Mayor Joyce Craig has named her new airport director, Theodore “Ted” Kitchens from Houston. In naming him, there was much said about the state of the airport. From reading and listening to comments from the mayor, certain aldermen, and in particular, Patrick Duffy, who was on the selection committee, one would think the airport is in dire straits and needs to be rescued. This is simply not the case.
The truth is the industry has changed significantly since Duffy was chairman of the Manchester Airport Authority in the 1990s. William S. Swelbar, a nationally recognized expert on the aviation industry, recently made a presentation to the Special Aldermanic Committee on Airports. Unfortunately, the mayor did not attend. The information presented would have been valuable in evaluating the candidates for the director’s position.
In his presentation, Swelbar indicated “Air service development is just plain hard. It used to be so much easier. Consolidation, capacity deployment strategies, a pilot shortage, and related issues have changed the landscape. MHT is not alone. Today’s air service environment is anything but the good ol’ days for airports. This economy is different. This business is different. This business cycle is really different. The U.S. airline industry has been transformed from a market share-driven mentality to a profit-driven one. This transformation has forced the airport industry, often, into a zero-sum capacity game when seeking new service. As such the airport is doing as much as it can against this backdrop. Now it is up to the many community stakeholders to work to transform the city of Manchester in the eyes of the airlines.”
The newly-named director has plans for air service that impressed the mayor and her committee. The reality is no airport director brings an airport additional service. It will simply be market forces created by the Greater Manchester community that will drive those decisions. No one should hold unrealistic expectations for the new director. As Swelbar says “The market (not the government) will determine the winner and losers.”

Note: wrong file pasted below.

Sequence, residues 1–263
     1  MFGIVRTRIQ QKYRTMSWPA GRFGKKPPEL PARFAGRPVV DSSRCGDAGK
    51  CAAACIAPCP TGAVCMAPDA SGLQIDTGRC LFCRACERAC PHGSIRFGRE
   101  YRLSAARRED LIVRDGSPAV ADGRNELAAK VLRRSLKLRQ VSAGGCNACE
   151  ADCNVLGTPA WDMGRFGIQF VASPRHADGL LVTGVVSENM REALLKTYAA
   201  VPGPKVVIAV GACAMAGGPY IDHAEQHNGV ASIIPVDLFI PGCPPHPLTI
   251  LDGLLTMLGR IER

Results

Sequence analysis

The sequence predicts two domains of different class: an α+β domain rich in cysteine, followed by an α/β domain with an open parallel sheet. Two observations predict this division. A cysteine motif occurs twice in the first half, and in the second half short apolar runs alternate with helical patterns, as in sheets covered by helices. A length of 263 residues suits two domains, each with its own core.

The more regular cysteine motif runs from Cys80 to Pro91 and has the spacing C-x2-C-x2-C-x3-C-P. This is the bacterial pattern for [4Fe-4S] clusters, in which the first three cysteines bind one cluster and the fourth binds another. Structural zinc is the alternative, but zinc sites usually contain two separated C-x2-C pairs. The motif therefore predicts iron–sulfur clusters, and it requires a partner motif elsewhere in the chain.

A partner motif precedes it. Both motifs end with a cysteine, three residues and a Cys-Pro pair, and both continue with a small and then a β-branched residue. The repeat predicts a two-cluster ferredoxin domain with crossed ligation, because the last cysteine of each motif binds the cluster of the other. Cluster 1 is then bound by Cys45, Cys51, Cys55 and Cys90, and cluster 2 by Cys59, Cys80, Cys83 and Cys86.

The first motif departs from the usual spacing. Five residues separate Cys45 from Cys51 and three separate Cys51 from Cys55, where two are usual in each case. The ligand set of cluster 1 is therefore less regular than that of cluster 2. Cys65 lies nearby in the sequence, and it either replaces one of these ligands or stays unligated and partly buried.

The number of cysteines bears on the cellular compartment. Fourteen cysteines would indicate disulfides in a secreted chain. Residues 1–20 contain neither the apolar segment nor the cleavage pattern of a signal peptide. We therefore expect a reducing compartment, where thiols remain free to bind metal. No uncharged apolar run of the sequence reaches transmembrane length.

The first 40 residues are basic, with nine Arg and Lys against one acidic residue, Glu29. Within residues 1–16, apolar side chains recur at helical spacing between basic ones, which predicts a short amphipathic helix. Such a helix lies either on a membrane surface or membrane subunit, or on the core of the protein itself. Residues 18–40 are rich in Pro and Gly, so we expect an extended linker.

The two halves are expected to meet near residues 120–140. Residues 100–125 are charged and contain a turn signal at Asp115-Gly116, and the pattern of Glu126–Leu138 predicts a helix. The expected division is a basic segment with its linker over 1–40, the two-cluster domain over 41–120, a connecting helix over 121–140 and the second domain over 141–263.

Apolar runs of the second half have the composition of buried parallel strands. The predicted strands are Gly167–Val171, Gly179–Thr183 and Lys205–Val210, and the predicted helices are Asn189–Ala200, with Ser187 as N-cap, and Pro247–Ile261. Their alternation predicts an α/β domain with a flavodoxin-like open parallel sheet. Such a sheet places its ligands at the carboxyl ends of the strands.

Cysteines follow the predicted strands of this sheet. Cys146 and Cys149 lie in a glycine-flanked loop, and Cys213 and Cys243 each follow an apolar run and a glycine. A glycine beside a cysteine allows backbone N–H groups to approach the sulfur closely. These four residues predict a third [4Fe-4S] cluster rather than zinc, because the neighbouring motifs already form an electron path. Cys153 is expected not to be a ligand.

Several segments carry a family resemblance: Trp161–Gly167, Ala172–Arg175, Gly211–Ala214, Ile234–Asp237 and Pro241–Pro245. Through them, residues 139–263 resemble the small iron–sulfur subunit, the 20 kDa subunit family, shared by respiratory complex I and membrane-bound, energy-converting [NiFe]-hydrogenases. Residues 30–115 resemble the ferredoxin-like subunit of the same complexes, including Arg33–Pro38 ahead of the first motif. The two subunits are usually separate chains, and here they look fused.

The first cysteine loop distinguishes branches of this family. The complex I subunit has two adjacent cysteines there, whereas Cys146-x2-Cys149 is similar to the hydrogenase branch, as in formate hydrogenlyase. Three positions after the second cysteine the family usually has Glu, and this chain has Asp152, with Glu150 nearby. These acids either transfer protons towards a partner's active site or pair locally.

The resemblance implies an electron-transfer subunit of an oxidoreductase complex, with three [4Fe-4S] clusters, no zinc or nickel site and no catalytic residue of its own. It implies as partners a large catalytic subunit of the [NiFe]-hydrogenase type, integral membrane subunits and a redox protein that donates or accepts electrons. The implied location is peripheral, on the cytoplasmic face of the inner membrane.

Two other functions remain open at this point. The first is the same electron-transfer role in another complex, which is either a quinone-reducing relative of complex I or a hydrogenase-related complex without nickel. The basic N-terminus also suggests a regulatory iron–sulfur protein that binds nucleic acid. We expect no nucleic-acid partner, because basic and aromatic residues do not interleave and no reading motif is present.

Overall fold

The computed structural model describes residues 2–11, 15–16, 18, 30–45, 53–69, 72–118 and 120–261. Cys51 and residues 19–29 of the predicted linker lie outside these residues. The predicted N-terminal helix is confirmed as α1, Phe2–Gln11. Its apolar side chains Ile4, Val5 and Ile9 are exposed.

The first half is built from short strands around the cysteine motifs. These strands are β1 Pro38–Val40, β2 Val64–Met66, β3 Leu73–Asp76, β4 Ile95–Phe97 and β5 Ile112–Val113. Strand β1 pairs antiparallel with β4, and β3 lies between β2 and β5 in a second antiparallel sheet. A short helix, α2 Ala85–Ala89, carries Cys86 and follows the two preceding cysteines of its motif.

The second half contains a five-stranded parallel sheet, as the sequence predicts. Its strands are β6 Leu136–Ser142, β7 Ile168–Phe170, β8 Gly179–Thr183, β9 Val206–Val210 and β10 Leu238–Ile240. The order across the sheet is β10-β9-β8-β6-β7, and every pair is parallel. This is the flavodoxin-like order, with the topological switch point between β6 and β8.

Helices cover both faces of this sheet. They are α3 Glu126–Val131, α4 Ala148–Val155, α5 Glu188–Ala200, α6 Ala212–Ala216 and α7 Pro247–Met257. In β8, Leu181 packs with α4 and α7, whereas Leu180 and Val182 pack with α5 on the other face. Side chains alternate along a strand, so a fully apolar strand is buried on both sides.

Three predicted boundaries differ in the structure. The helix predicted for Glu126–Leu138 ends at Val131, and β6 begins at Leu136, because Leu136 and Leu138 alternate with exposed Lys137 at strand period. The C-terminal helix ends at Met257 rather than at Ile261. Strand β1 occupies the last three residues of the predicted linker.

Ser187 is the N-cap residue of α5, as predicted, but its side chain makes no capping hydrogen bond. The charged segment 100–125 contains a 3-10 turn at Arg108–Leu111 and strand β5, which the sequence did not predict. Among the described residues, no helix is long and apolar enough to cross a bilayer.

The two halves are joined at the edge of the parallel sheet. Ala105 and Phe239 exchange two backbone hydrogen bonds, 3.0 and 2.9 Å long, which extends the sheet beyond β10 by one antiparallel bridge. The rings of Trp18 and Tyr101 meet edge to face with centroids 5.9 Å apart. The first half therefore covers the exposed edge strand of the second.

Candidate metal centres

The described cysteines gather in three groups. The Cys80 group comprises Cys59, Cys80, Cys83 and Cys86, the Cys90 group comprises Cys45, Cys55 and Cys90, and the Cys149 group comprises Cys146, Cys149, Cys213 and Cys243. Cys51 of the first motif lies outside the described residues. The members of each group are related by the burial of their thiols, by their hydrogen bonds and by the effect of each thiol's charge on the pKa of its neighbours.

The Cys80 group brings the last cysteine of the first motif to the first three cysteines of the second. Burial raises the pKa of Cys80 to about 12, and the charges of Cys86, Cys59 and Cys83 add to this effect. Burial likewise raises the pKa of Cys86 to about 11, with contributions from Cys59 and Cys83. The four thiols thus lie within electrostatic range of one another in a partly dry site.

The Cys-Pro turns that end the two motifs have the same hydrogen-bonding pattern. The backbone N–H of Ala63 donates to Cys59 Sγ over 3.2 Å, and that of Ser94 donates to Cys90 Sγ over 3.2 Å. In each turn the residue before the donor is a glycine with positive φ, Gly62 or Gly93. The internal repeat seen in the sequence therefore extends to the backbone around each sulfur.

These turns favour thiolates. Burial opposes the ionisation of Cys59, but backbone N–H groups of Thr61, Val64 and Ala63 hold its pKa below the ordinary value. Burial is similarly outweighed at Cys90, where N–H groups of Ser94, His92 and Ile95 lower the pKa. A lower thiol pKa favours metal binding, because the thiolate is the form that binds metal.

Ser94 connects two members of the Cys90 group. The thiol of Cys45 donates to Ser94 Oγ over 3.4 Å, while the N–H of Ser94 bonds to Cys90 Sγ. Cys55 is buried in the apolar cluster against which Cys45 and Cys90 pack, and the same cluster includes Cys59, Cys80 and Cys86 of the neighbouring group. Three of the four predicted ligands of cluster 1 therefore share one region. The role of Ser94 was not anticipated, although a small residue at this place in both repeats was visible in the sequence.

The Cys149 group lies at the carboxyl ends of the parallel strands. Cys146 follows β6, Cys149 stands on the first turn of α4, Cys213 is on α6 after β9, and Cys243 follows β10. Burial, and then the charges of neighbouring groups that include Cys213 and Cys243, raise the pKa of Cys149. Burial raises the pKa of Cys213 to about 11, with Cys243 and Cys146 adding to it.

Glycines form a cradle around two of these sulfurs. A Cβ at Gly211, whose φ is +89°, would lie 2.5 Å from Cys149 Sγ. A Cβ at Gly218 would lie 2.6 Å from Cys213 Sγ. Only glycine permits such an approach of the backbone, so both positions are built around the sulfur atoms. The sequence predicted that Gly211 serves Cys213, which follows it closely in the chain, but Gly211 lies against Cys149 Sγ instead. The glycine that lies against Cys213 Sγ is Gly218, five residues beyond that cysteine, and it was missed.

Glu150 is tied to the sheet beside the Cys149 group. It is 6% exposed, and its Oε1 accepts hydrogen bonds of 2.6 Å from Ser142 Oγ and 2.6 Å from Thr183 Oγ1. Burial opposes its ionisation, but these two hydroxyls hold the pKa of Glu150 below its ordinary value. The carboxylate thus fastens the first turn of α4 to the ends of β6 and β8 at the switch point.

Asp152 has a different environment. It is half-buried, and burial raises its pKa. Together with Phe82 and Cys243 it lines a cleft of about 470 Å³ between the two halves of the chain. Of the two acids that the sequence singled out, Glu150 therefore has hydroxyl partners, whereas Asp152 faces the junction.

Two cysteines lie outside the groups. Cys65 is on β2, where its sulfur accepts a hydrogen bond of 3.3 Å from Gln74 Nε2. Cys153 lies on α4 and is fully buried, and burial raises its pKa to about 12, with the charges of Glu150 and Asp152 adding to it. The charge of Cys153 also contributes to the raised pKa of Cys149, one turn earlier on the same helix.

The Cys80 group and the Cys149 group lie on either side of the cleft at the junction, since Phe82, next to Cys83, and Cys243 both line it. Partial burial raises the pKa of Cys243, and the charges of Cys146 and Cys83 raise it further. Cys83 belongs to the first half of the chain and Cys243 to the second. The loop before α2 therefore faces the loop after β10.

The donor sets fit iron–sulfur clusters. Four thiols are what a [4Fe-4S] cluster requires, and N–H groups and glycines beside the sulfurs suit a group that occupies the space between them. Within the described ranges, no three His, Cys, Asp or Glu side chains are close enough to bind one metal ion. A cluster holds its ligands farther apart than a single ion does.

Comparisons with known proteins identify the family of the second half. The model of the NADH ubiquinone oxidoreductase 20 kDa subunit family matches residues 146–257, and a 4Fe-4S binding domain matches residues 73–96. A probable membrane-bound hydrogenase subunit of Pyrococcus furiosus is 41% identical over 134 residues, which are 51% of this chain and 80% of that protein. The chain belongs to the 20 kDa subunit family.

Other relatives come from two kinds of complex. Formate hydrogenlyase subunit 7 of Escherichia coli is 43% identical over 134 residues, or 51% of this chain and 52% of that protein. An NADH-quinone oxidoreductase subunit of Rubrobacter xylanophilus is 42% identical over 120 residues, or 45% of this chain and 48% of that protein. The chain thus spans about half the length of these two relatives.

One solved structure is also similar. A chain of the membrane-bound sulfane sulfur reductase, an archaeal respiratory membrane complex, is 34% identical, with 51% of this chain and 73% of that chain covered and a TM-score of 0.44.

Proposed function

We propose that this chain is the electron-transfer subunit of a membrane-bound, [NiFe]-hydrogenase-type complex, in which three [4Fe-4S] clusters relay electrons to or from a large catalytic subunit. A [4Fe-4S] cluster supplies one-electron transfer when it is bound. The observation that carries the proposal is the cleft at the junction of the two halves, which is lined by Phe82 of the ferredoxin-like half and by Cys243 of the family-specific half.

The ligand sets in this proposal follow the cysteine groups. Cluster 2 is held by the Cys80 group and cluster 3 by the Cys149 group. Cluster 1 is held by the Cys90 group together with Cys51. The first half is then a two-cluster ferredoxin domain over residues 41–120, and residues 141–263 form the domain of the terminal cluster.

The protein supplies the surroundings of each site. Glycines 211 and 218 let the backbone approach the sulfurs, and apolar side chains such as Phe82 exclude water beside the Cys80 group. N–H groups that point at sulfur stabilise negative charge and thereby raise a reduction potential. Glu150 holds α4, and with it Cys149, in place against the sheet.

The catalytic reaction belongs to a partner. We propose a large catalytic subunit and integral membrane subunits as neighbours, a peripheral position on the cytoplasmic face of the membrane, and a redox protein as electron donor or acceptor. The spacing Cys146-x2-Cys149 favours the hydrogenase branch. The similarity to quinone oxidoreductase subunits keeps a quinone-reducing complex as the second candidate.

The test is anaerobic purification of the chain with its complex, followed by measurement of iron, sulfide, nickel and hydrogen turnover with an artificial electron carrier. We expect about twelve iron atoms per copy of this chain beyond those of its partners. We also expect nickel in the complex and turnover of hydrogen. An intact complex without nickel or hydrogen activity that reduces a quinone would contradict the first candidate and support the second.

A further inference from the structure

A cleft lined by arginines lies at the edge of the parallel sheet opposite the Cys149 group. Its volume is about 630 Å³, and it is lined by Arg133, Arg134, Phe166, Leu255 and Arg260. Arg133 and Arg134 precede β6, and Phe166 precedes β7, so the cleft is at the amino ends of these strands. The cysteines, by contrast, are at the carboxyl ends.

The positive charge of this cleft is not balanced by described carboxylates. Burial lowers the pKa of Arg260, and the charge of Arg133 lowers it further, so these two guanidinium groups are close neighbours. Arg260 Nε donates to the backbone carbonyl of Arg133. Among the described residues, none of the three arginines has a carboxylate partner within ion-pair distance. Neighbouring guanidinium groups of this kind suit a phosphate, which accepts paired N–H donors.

There is no denying that passenger counts have decreased at MHT since the airport’s peak passenger levels in 2005. Southwest Airline’s strategic business decision to serve large hub airports, including Boston, reduced the number of flights at Manchester by more than half. The end of the “Big Dig” and Logan adding five new low-cost carriers didn’t help the MHT either. But in spite of those challenges, the airport continues to pay the bills and improve and maintain infrastructure. The economy surrounding the airport is booming and the airport’s cargo numbers are increasing significantly.
Over the past decade, the airport has consolidated passenger screening checkpoints and made major improvements to the terminal; extended the secondary runway; improved runway safety areas and taxiways; built a new rental car customer service facility, upgraded and added new restaurants and concessions; and undertaken major garage maintenance projects.
Money Magazine analyzed 80 of the nation’s top airports for 2018, using customer experience scores from J.D. Power, reader reviews from travel and leisure, on-time arrival rates, security delays, and traveler amenities. MHT was ranked 14th out of the 80. Manchester-Boston Regional Airport was recently named the “Best Midsize Airport in the Country” by TravelPulse, a worldwide travel trade website. Southwest’s MHT station was recognized as “Ground Operations Station of the Year” in 2016, beating out more than 100 other stations.
None of these achievements would be possible without the hard work and dedication of the employees at MHT. The airport team gives its very best and has endured many obstacles to make MHT what it is today.
I would like to take this opportunity to personally thank those members of the airport team who have worked so hard to make our airport a facility the city and the region can be proud of! I would also like to thank those aldermen who have continued to support these efforts.
It is unfortunate this column had to be written. The mayor and Board of Aldermen should have recognized the accomplishments and excellence of those who have taken our airport to where it is today. The dedication and hard work should have been rewarded. I suppose if the mayor’s stated qualifications for serving on her selection committee are they are local business leaders and fly out of the airport a lot, you end up bringing in someone from the outside with plans to “improve” our airport.
Richard Fixler is assistant airport director, engineering and planning, for Manchester-Boston Regional Airport.